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March 20, 2009


Sin Nombre

Sin Nombre

Manohla Dargis' review of the new movie about Central Americans trying to cross the border into the US, Sin Nombre, isn't super-positive. The teenage characters at the center of the story are maybe a little too adorable and all the horrible things that happen to them might get "assuaged by some final-act uplift," but it's got nice cinematography, and she says the writer/director has a sincerity that a lot of other movies about desperate people lack.

But then I read more about the writer/director, Cary Fukunaga, in an email to the members of the Landmark Theatres Film Club (it's a very exclusive club) about his travels with people that come up from Central America to cross the border, and now it sounds pretty incredible.

From the email:

While researching a short, I had learned that thousands of Central American immigrants were crossing Mexico atop freight trains, facing a maelstrom of dangers, including bandits, gangs, corrupt police, and the constant threat of deportation back to their home countries. The images conjured up a post-industrial version of our own iconic Wild West, but instead of covered wagons it was a freight train, and instead of the classic Hollywood version of "savages" it was marauding bandits and tattoo-covered gang members who seemed to have been pulled from central casting in Mad Max. And yet this wasn’t the Wild West; it was real and it was happening, is still happening, just south of our border. This was the story I wanted to tell.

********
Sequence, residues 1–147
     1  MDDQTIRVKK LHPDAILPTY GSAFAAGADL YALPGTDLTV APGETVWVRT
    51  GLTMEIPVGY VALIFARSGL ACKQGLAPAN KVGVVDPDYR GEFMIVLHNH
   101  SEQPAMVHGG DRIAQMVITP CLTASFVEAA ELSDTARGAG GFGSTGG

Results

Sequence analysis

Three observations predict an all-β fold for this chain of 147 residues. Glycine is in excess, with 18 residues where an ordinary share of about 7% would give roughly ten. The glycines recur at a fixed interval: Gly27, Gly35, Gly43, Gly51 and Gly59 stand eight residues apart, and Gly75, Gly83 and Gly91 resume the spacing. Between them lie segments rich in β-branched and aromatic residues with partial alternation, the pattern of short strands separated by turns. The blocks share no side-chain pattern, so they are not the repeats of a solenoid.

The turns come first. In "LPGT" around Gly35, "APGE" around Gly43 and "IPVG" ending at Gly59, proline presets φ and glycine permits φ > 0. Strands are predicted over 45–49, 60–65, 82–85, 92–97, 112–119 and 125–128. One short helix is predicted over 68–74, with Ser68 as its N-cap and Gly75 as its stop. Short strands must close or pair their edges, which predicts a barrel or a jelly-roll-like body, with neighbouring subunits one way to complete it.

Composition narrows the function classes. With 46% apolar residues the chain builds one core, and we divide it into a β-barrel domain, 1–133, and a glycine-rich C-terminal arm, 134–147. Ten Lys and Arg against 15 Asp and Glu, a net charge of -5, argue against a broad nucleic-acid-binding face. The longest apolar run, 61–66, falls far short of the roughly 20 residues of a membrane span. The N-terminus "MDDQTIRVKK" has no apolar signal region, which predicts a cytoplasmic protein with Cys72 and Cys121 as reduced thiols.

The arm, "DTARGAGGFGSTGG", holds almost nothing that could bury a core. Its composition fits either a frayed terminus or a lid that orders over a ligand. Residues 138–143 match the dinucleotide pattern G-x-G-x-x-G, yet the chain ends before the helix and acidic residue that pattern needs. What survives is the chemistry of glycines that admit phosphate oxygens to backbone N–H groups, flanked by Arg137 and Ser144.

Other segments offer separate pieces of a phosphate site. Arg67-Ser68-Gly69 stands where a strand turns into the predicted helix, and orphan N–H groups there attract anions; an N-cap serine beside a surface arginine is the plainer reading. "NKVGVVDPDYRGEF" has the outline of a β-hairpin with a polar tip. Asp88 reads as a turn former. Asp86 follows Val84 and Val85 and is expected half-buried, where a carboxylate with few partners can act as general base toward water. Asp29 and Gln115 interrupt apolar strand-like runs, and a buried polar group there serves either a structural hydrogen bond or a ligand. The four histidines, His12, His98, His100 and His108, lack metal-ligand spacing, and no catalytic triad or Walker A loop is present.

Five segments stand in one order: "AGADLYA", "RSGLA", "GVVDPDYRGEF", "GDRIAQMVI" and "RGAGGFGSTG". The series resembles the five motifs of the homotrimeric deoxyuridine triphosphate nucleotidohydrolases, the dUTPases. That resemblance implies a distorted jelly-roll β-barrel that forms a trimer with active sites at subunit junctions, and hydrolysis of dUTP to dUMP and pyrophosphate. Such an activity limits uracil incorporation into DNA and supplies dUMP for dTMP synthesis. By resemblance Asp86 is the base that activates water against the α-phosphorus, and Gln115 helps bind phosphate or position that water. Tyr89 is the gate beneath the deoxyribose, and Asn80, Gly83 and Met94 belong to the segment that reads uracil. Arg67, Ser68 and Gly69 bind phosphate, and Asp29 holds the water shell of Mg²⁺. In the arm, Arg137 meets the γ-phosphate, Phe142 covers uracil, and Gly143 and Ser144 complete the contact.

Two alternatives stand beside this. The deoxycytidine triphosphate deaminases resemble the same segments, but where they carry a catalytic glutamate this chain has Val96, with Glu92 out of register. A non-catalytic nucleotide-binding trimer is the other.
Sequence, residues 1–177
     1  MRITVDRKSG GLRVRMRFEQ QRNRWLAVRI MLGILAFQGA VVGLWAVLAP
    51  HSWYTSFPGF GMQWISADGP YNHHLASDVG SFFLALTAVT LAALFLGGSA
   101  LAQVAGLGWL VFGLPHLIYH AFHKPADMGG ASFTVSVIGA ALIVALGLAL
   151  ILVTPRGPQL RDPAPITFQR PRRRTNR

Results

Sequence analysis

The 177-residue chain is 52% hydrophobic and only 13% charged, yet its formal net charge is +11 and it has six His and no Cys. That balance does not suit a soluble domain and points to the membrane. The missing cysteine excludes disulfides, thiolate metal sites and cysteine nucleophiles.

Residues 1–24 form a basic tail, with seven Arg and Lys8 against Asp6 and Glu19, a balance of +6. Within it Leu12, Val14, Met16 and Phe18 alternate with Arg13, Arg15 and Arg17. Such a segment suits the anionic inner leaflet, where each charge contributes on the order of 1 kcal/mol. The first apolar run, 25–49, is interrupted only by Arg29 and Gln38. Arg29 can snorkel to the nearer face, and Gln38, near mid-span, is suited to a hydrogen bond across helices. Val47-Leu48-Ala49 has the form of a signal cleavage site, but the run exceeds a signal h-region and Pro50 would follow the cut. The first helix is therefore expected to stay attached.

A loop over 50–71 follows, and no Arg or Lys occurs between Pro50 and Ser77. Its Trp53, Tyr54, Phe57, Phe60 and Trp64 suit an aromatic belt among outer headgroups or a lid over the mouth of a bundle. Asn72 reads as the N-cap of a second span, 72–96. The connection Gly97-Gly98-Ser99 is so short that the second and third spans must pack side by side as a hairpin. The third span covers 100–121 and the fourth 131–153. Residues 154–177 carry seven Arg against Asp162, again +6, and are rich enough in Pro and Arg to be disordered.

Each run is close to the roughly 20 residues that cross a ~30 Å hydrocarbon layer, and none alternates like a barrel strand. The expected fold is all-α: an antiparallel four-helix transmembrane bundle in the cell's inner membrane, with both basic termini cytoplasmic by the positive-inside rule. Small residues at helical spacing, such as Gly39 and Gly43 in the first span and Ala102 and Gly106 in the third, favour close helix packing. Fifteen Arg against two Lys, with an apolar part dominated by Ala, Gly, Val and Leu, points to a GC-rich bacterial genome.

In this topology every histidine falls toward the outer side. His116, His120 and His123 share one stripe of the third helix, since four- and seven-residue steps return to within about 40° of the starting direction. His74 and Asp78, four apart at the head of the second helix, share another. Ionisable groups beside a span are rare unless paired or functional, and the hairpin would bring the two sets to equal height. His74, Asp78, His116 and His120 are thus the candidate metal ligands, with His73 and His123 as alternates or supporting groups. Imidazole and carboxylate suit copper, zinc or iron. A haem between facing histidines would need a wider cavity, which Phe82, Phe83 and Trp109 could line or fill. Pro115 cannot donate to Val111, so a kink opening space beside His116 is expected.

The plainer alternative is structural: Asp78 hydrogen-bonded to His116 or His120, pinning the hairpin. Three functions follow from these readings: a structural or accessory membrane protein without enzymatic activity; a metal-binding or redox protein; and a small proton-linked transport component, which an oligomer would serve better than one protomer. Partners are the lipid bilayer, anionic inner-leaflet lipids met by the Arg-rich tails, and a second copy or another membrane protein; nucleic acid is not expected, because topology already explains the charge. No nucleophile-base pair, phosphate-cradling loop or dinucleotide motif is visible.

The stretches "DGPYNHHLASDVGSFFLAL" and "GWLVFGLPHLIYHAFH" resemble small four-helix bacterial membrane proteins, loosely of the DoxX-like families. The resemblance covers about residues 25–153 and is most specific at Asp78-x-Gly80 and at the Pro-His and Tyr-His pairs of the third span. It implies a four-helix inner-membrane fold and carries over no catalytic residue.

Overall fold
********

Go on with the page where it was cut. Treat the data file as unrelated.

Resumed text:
I followed the first draft with two years of research in Mexico. I spent time with gang members in and out of prisons, interviewed immigrants from Nicaragua on up to the Texas border and, ultimately, traveled with hundreds of them from Tapachula in the south of Mexico to Orizaba, Veracruz. Together we experienced hunger, braved the weather and nights of hidden dangers, and grew to depend on one another. One particularly dark night in Chiapas our train was attacked by bandits; after several gunshots and screams of chaos, a Guatemalan immigrant lay dead—he did not want to give up the little money he had to make this journey.

Sounds a whole lot more exciting than El Norte from 10th grade Spanish class! And that's because more violent = more exciting. Getting across the border is a lot more dangerous now, especially with the rise of international gangs like Mara Salvatrucha, which started in LA and moved to other US cities, then back to El Salvador, Honduras, and Nicaragua. They're the guys who are really into getting tattoos on their faces and killing people, and they're all over Sin Nombre.

Actually, it might be a good idea to sneak into I Love You, Man after watching this one. Let the doughy-faced, Rush fan, man love help you recover.

categories: Movies
posted by amy at 3:06 PM | #

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